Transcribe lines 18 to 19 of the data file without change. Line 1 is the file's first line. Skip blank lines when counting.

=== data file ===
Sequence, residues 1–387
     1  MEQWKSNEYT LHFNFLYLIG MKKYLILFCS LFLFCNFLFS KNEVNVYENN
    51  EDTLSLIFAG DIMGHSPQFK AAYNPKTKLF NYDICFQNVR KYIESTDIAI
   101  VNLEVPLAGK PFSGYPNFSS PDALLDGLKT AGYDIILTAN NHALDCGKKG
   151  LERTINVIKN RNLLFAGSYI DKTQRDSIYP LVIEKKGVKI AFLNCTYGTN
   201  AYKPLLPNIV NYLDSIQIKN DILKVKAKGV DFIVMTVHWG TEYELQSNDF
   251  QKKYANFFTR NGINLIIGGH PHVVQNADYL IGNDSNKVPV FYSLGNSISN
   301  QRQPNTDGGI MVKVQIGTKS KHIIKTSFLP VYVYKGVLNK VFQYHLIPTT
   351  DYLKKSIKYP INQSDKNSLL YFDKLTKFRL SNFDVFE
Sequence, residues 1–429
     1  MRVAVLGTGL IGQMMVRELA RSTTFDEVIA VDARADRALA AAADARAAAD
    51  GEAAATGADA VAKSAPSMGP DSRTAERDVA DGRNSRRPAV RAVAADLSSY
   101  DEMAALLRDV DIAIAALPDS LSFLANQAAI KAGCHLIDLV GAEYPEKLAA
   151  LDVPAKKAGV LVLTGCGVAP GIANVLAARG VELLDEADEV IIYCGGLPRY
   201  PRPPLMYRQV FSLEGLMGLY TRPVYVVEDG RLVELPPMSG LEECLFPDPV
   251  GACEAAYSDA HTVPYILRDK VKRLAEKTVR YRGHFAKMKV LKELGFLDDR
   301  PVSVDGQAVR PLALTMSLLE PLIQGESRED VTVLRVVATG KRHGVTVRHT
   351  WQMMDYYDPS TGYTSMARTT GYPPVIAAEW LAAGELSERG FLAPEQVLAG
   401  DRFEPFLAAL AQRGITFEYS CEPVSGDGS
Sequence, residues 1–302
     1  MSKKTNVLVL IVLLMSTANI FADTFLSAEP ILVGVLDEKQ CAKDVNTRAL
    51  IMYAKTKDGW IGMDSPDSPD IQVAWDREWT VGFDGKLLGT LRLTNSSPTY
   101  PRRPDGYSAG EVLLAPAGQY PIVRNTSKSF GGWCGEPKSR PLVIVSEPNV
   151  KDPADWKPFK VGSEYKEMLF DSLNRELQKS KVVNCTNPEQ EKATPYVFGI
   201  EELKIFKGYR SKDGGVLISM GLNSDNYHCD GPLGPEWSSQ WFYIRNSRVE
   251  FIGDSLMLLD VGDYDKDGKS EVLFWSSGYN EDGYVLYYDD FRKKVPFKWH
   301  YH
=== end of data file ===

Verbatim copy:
   351  WQMMDYYDPS TGYTSMARTT GYPPVIAAEW LAAGELSERG FLAPEQVLAG
   401  DRFEPFLAAL AQRGITFEYS CEPVSGDGS